My last photos of Monday’s Mountaineer Special were made just east of the Arethusa Falls grade crossing on New Hampshire’s Crawford Notch.
I’d explored this location for nearly four years. It appears among the early photos of the line that date back to the time of its construction. Yet is difficult to capture effectively. It is most effective of an eastward train.
My fascination is with the distinctive rocks of Frankenstein Cliff that loom ominously above the train. This time of the year can be key to making a successful photograph here. During the summer, when trees are completely leafed out, and light is thick with moisture it can be more difficult to see the cliffs above the train.
Mid-Spring can provides a better balance between the mountainous backround with foreground, while offer a hint of green foliage.
Step back to September 28, 2020. I had just bought my Nikon Z6 mirrorless camera. The foliage was turning, and I hiked up to the famed Frankenstein Trestle to catch the Mountaineer on its ascent of Crawford Notch.
This photo is among my favorites from 2020. I have used it extensively to promote Conway Scenic Railroad. It has appeared in various magazines and newspapers. The railroad sells refrigerator magnets featuring this image in the North Conway Brass Whistle Gift Shop, and we had monochromatic hoodies made up as well.
Saturday, September 17, 2022, Conway Daily Sun featured the photo on the cover of the newspaper.
The photo was exposed with my Z-series 24-70mm zoom set at 26mm, aperture at f4; camera shutter speed to 1/1000th of a second. I made adjustments to shadows, highlights and color temperature and saturation using Adobe Lightroom.
Yesterday, I made this image of the Mountaineer descending at the Arethusa Falls grade crossing against a backdrop of autumnal foliage and the famous Frankenstein Cliff in New Hampshire’s White Mountains.
A shaft of sun illuminated the front of GP35 216 which made for a tricky exposure.
I’d preset the camera settings in manual mode, anticipating the bright yellow front of the engine catching the wink of sun. Further adjustment of highlight and shadow areas was necessary in post processing.
As part of my responsibilities as Manager of Marketing and Events at Conway Scenic Railroad, I organize the creation of our billboards in the Conway-area.
For this season’s billboard, I opted to feature our Mountaineer crossing the Frankenstein trestle on the former Maine Central Mountain Division. The Billboard design was the work of Silverline Graphics; printing and installation was performed by Gemini Sign and Design.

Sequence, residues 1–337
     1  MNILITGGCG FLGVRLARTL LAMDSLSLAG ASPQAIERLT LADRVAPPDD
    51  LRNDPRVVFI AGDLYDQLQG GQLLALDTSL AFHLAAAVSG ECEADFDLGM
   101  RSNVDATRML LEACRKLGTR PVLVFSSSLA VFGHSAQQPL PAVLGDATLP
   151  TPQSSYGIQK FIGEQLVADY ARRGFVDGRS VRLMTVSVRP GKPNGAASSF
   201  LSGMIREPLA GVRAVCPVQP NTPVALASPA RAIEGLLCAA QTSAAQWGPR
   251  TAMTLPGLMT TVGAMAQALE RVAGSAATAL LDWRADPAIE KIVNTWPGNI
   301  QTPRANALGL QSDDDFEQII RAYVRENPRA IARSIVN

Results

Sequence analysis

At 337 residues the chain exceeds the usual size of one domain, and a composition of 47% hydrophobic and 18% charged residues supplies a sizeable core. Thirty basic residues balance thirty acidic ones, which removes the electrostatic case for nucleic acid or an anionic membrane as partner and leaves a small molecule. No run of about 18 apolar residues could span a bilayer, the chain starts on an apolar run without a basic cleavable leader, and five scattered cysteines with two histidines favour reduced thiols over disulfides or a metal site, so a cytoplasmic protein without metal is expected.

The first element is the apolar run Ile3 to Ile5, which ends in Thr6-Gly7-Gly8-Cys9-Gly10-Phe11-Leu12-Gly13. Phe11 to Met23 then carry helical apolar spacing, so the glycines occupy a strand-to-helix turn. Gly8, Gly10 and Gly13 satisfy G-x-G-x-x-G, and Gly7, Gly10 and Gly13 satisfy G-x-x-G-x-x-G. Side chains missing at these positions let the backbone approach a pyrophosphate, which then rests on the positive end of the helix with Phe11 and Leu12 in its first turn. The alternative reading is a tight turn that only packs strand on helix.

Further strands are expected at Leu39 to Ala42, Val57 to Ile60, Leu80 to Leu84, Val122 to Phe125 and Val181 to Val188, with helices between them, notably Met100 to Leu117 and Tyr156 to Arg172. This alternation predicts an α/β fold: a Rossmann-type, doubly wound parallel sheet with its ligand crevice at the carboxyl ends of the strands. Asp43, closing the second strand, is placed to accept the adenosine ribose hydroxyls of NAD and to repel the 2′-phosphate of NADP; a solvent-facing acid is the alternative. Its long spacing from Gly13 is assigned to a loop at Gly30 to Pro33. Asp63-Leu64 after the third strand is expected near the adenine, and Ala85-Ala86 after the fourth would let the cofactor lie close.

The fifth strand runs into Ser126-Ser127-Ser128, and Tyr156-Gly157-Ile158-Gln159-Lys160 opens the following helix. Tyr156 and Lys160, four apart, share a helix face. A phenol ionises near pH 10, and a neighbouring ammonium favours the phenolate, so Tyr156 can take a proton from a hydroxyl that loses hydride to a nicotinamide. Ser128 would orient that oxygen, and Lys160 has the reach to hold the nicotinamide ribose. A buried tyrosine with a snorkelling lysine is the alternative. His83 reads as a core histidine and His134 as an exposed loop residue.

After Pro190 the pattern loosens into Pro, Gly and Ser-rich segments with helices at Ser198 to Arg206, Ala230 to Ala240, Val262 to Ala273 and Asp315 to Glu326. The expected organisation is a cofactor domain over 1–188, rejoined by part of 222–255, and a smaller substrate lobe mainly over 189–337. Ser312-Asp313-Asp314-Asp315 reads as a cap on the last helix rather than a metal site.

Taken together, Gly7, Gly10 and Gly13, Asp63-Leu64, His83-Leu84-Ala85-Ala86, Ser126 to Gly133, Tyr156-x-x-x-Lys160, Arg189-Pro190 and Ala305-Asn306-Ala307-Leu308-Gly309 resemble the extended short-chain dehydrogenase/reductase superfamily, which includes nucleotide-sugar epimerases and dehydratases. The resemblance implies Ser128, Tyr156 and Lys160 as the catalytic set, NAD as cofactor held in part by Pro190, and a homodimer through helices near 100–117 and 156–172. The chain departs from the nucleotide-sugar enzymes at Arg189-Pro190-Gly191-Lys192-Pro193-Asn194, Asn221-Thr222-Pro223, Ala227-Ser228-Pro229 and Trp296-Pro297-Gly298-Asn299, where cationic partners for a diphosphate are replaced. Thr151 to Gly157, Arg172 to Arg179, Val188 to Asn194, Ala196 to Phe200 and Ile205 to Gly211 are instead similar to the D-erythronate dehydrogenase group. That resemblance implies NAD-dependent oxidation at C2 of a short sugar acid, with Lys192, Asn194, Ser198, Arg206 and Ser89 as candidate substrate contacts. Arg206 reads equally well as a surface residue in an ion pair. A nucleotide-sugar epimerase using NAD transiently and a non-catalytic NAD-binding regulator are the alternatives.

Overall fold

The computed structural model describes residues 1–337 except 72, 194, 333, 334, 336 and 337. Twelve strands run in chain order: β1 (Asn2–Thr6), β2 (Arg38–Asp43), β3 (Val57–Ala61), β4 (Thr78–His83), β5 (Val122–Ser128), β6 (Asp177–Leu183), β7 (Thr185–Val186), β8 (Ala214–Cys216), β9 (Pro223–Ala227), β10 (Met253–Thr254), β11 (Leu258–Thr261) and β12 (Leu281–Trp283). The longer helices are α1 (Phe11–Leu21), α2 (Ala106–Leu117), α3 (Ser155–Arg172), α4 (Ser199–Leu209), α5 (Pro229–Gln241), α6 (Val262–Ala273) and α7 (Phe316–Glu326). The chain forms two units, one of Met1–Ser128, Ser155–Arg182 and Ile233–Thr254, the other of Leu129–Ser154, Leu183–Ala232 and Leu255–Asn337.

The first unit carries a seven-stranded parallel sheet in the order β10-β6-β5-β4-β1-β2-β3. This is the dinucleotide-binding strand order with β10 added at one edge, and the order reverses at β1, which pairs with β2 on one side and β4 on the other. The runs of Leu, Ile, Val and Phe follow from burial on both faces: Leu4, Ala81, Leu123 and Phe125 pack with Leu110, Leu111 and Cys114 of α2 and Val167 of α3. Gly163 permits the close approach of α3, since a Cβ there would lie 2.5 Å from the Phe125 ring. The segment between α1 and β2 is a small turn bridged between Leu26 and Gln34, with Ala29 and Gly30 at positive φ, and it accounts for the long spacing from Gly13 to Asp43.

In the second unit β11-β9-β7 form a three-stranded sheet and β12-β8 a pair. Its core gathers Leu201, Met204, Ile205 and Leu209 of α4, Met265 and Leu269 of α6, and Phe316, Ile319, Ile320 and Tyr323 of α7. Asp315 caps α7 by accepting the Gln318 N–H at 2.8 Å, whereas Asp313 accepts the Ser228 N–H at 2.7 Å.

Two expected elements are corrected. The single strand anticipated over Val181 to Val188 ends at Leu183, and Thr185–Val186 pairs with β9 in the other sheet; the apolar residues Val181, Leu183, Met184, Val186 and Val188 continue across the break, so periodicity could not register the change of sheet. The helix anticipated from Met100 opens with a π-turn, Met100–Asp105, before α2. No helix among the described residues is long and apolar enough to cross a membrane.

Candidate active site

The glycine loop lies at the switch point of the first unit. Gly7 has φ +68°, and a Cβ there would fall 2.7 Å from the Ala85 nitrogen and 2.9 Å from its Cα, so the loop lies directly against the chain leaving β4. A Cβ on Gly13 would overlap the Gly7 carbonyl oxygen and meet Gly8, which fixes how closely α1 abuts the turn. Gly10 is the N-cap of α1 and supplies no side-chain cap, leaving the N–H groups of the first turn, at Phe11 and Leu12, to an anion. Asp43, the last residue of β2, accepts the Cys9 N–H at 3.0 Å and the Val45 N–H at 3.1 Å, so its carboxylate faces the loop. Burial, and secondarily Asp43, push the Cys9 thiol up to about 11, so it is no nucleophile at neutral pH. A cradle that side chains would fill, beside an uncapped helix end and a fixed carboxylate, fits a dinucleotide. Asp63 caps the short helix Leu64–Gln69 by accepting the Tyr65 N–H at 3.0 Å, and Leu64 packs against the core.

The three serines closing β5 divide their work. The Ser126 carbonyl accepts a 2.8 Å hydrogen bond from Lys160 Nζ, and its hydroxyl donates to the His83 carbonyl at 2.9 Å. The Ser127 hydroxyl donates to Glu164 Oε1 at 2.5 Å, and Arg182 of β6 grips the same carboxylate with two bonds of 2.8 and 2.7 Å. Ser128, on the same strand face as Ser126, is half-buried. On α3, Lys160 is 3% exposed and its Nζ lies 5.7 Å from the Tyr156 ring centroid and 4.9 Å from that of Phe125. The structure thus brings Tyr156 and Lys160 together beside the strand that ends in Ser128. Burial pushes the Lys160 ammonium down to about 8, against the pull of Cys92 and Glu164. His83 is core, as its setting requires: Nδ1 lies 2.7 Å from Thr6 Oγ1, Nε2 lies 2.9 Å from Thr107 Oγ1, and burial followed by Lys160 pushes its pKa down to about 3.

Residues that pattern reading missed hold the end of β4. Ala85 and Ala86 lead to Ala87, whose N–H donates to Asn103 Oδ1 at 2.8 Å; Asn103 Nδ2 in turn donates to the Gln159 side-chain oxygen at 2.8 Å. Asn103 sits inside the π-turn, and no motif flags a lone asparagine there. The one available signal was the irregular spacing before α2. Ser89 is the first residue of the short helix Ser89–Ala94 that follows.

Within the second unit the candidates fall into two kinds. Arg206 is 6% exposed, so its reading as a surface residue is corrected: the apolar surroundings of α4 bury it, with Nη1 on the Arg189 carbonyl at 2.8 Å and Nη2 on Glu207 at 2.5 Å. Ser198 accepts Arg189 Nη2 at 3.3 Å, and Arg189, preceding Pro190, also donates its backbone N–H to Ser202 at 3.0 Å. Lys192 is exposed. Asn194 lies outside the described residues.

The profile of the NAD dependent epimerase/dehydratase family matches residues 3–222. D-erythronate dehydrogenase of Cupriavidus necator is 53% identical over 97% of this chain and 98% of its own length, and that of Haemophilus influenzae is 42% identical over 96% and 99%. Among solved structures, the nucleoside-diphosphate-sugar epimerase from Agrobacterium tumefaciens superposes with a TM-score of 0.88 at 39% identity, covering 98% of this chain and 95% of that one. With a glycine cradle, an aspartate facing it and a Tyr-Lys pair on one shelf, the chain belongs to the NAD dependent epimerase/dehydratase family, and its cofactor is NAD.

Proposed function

I exposed the billboard photo last autumn using my FujiFilm XT1. And using the same camera, I photographed the billboard itself where our Conway Branch crosses Rt302/Rt16 near White Mountain Oil in North Conway.
Also, I adjusted the photo file that appears on the billboard using Adobe Lightroom using the same MacBook Pro that I use to prepare Tracking the Light.
Where better to photograph a train on Halloween than Frankenstein trestle?
This afternoon, Kris Sabbatino and I ventured to this iconic landmark to catch the eastward Conway Scenic Mountaineer.
Mount Washington seen to the right of the train was covered in fresh autumn snow.
The bridge is named for the nearby cliffs, which were named not for the characters of Mary Shelley’s fictional story, but rather for the family of German artists that painted landscapes of the Mount Washington Valley in the 19th Century.
The other day, in preparation for debut of Conway Scenic’s Mountaineer, the railroad operated a work extra with locomotive 1751. This ran up the former Maine Central Mountain Division to clear debris and rocks that had fallen on the line.
To move the heaviest rocks, railroad president and general manager Dave Swirk personally operated an excavator.
I traveled with the train to document its work.
On the return run, I posed a sequence of photos at the famous Frankenstein bridge.
Photos exposed using a FujiFilm XT1 with 18-135mm lens.
Today, Saturday June 27, 2020, Conway Scenic Railroad the Mountaineer will make its inaugural run between North Conway and Crawford Notch.
Last June, while working with the Conway Scenic Railroad I exposed this view of fresh green foliage at the Frankenstein Trestle on the line over New Hampshire’s Crawford Notch.
I was working with an antique Nikon FTN Nikkormat with a Nikkor f1.8 105mm lens.
I like the ‘fast’ 105 because it allows for very shallow depth of field at its widest aperture, while offering exceptional sharpness on the area of focus.
This effect is especially appealing as a contrast to many modern digital systems that offer razor sharp images with great depth of field in most circumstances. Focus, like other qualities, may be most effective when applied judiciously.
I exposed this image on Ilford HP5 400ISO 35mm black & white film. I hand processed the film. After a presoak with very dilute HC110 for about 5 minutes, I introduced my primary developer, Ilford ID11 developer mixed 1 to 1 with water, for 6 minutes and 15 seconds at 70F. By raising the temperature slightly and using a relatively dilute solution I controlled contrast while increasing shadow detail.